England will savor this moment for a long time after having a tough season filled with controversies. Andrew Strauss and Andy Flower have done a fantastic job to regroup the team which had been hit by the Pieterson-Moles spat. Amid the euphoria, England should not lose their focus of getting to the top of rankings.  The immediate task will be to find a replacement for Andrew Flintoff, which apparently is a very big ask.

A Day of Below-par Bowling and Absurd Batting

Friday, August 21st, 2009

The first day of the final test matched promised a lot but delivered little, despite some mesmerizing fast bowling and solid batting performances. Once again, the English middle-order ruined the momentum setup by the top-order, ended the day at 307/8. The pitch was not as fast as Ponting expected; however, the ball was coming on nicely to the bat. Australia will definitely lack a specialist spinner in the coming days as the part-timer Marcus North was getting some zip and turn off the pitch. Brett Lee also could have been reckoned as there was considerable hint of reverse swing from the afternoon.

England piled up 108 runs in 26 overs in the pre-lunch session, despite losing Alastair Cook early. Alastair Cook once again edged a swinging delivery from Siddle to Ponting at slip. The English captain then forged a partnership with Ian Bell and the duo added 102 runs for the second wicket. Ben Hilfenhaus came back to break the partnership by dismissing Andrew Strauss. Peter Siddle made further inroads by dismissing Paul Collingwood and Ian Bell to leave England in tatters. Debutant Jonathon Trott played exceptionally well under pressure. He stayed like a rock at the crease, however he hardly got any support from any one. Andrew Flintoff played his penultimate innings and hardly made any impact. He looked composed in the beginning, however gave away his wicket by chasing a wide delivery from Mitchell Johnson. Stuart Broad and Graeme Swann took England score past 300 runs. Peter Siddle ended Swann’s resistance to complete a memorable day.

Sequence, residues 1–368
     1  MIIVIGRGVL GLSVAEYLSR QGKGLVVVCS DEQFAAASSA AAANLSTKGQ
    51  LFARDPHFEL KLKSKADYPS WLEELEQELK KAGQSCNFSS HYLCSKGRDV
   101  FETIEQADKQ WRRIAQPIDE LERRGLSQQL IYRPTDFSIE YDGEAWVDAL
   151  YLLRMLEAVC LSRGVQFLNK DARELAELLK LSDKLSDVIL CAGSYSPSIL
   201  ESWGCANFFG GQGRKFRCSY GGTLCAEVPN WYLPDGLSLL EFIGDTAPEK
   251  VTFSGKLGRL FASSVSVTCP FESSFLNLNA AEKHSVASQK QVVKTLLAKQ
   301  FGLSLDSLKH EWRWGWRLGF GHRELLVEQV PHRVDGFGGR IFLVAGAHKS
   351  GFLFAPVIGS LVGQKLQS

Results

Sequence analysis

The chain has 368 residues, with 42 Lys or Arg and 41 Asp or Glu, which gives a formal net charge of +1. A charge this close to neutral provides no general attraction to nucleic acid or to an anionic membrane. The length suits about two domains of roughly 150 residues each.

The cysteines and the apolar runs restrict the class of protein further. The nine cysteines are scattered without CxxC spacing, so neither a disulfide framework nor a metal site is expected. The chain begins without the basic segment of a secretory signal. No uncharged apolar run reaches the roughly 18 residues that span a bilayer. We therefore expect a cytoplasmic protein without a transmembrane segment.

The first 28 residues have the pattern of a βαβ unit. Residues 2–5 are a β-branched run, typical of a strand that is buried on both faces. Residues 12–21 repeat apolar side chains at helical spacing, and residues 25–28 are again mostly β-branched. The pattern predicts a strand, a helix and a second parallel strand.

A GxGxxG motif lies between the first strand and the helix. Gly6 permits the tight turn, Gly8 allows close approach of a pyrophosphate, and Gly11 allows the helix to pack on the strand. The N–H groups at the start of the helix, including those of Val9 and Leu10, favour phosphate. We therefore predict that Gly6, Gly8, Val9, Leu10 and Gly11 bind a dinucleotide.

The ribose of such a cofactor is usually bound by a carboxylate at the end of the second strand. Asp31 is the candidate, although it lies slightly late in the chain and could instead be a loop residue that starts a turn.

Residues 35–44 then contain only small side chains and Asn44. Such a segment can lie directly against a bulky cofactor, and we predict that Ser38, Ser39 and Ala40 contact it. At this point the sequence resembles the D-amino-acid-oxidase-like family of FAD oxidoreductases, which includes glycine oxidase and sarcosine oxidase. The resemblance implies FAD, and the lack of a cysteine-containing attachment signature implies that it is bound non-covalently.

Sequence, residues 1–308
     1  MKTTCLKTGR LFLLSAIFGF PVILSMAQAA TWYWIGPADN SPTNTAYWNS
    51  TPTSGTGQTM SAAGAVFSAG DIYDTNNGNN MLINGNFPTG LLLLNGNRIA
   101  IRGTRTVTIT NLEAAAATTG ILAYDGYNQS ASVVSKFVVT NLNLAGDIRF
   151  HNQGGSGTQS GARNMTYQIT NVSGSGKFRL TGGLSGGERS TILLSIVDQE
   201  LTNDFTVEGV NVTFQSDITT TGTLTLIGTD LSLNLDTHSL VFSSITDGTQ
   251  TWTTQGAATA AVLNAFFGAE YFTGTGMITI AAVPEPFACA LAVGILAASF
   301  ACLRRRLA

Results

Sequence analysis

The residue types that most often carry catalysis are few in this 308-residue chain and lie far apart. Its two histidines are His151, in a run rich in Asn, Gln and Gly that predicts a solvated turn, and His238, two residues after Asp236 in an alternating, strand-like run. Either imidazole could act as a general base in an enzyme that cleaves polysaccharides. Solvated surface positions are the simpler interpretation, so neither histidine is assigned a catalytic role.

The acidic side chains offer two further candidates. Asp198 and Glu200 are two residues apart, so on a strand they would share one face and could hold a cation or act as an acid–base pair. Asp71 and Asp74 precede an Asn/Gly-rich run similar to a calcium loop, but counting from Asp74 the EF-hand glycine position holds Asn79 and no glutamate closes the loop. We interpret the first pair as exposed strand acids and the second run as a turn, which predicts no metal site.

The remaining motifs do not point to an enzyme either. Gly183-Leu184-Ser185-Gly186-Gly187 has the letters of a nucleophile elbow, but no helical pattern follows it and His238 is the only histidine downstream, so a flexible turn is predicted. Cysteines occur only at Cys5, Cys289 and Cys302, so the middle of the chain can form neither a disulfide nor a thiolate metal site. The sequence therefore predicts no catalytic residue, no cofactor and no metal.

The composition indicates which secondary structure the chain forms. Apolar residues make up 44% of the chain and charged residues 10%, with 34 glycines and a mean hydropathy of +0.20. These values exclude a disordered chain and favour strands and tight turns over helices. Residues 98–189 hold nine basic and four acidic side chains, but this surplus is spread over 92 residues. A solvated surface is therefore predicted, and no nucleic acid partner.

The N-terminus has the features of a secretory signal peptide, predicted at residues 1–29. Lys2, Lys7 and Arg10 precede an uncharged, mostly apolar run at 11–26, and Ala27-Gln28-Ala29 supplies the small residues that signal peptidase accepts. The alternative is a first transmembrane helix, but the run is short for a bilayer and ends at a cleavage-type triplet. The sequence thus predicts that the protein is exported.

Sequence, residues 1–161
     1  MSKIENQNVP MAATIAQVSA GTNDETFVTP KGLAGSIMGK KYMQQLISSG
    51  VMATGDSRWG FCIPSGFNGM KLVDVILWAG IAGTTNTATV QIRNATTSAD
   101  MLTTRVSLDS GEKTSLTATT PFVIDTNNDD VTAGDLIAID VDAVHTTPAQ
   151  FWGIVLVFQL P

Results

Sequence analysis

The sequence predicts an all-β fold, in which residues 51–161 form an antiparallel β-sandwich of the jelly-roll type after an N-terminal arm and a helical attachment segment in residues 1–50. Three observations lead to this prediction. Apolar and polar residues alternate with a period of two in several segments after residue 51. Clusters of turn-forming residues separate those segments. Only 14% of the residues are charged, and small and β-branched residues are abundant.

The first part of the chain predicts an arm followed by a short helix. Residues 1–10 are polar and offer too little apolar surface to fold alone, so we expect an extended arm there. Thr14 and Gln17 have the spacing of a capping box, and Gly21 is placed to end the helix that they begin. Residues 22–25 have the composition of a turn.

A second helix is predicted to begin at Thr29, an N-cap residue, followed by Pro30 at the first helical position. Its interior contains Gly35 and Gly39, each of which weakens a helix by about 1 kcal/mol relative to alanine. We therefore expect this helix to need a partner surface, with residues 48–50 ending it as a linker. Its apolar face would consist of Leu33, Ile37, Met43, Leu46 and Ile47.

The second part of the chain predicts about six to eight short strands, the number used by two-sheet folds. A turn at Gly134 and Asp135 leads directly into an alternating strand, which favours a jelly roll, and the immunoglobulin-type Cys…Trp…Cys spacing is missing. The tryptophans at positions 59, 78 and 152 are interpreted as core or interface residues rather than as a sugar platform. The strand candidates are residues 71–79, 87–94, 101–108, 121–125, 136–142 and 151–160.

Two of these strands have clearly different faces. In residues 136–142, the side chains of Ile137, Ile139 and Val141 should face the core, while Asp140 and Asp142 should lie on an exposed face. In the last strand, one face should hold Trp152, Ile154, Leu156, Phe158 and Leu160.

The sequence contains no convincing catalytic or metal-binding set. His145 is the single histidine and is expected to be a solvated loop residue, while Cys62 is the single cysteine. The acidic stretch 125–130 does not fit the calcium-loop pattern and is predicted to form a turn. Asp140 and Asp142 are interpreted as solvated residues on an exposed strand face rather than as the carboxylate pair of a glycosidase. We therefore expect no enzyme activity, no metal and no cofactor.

Australia wouldn’t be happy with their overall bowling efforts, notwithstanding an inspired performance from Peter Siddle, who’s having a great series so far. After pondering on different combinations for the decider, Australia went with all quickies, relying on Stuart Clark and Mitchell Johnson’s form. Helfenhaus and Peter Siddle were exceptional as usual; however Mitchell Johnson once again showed his wayward approach by bowling 8 wides and three no-balls. Stuart Clark looked like his shadow of Headingly, failed terribly in probing and testing the English batsmen. Australia had to employ Marcus North to step-up the over- rate as it apparently fell short due to the inclusion of 4 pacers. North had puzzled the English batsmen with his flight and turn on a first day pitch, which gives the clear indication that the turf will assist slow bowlers from day 3. Australia will definitely miss Nathan Hauritz, who had bowled well on seamer-friendly tracks too.